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Collaboration between lawyers, forensic team can reduce time, cost

By Kirsten McMahon, Managing Editor

Innovation in the consumer space has created a breadth and diversity of electronic evidence never seen before, but there are a few ways legal practitioners can work more closely with digital investigators to move matters along in a timely and cost-effective manner, says Jason Green, principal of Hexigent Consulting.

“Some lawyers are used to working with digital evidence and with firms like ours,” he tells “But others have less exposure to digital evidence in a large complex way. What that generally leads to is the application of more traditional and manual methods on their end, which takes a considerable amount of time and ultimately costs their client.”

The ubiquity of mobile devices, social media, cloud storage, voice assistants, etc. means data can be stored anywhere. Digital forensics is now much more involved than searching hard drives and servers, Green notes.

“People are using devices to do more than just day-to-day work — so much of what we do is online, so digital evidence for any type of case is commonplace,” Green says.

“The diversity of the types of evidence in conjunction with where it may be and how it should be obtained is very challenging. The growing complexity and how best to handle and interpret that evidence is another driver for lawyers to work more closely with digital investigators,” he adds.

The widespread adoption and acceptance of technology have increased the overall amount of data that each person generates, uses and stores, Green says.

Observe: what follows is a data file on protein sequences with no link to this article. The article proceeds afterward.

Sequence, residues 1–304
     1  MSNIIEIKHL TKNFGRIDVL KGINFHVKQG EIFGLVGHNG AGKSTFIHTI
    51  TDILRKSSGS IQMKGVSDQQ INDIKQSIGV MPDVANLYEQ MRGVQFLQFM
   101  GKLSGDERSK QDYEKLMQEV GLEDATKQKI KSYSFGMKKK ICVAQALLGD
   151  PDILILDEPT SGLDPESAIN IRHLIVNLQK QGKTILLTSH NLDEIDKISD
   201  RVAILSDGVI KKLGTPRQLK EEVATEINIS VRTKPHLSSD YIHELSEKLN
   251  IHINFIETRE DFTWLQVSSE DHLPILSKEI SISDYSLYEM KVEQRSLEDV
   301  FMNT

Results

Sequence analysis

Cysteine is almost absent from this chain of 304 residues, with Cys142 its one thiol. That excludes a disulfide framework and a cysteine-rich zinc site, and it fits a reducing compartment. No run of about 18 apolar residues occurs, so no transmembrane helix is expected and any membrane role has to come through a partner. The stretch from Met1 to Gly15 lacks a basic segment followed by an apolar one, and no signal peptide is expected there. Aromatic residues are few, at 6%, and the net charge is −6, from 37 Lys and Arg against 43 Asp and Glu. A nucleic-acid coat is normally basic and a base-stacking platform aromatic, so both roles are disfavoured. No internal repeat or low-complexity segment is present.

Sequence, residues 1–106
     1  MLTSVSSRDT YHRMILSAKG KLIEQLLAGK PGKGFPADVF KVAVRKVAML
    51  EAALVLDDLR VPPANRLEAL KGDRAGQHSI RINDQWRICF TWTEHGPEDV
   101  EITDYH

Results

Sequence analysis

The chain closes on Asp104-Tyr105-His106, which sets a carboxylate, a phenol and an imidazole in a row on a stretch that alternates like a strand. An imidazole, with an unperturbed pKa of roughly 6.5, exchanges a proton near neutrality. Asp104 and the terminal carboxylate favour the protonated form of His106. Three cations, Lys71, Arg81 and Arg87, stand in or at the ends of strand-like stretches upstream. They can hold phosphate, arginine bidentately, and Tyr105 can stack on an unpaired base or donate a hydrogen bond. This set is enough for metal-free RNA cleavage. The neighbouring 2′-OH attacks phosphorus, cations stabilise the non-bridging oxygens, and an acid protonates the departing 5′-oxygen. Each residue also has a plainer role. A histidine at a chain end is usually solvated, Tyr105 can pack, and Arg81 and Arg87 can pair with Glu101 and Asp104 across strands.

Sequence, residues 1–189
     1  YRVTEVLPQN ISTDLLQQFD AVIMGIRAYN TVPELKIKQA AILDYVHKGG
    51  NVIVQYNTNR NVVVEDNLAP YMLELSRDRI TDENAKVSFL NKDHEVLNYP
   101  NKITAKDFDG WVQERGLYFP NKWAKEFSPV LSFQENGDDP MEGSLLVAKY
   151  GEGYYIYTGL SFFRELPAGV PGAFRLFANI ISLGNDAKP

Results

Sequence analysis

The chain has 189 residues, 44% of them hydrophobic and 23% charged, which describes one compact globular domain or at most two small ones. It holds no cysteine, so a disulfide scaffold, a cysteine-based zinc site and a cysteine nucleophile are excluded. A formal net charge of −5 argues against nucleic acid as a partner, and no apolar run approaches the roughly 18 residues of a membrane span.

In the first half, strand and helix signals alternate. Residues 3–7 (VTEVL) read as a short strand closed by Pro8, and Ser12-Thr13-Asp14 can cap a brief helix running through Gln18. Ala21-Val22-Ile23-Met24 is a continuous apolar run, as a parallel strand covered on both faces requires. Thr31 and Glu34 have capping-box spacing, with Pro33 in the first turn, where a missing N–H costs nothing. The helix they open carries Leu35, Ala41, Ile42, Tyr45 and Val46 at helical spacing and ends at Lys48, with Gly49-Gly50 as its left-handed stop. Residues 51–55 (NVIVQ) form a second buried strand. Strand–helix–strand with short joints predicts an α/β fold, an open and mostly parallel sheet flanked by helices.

“The average hard drive capacity, for example, has grown tenfold over the last decade and it doesn’t show any signs of stopping,” he says.

As a result, Green says it’s common for lawyers to want very large sets of data examined. Once it's preserved and ready for analyzing, they will typically provide the forensic investigator with search criteria.

“That could include specific words and phrases, with some temporal restrictions such as date ranges,” he says. “But even with that criteria, there can be hundreds of thousands of search matches.”

Rather than taking those matches and conducting a manual review, Green says applying contextual searching for large amounts of data makes it much faster and more cost-effective.

“We can do things in a matter of hours or days where it may take lawyers weeks, if not months, to achieve,” he says. “They can still provide a list of terms, but it’s much more efficient to add context, explaining why these things are important and what their relevance is.

"The interconnectedness of data means investigators like us might be able to identify items that are either closely related and relevant or provide other more effective ways to cull that initial data down to something more meaningful,” Green says.

Collaboration with examiners is also a big piece of the puzzle, he says.

“A firm like ours is here to support the legal team. We do this work every day on all types of matters, so we understand the challenges with large and small cases on both the civil and criminal side. We can suggest ways to be more time- and cost-effective for their clients,” Green says.

Include digital investigators or examiners in the process, and most are more than happy to spend time with the legal team and clients to help them understand some of the idiosyncrasies and limitations when dealing with electronic evidence, he says.

“One of the challenges I think we have in our industry is that we have been portrayed in fiction as people who can find the smoking gun in minutes or hours,” Green says. “Obviously, that isn’t the reality of how it works, but certain things can be done incredibly quickly. It’s a matter of understanding the data, knowing how best to use the tools and having the right platforms in place.”

When lawyers and digital investigators work more collaboratively, there’s also a better understanding of the cost model.

“Our firm generally works the same way lawyers do — our fee structure is to charge for time and materials per hour,” Green says. “Some things take tens of hours, some take hundreds, and those costs are pushed to the client. By working together, we can help defend or prosecute the case in the most effective manner.”

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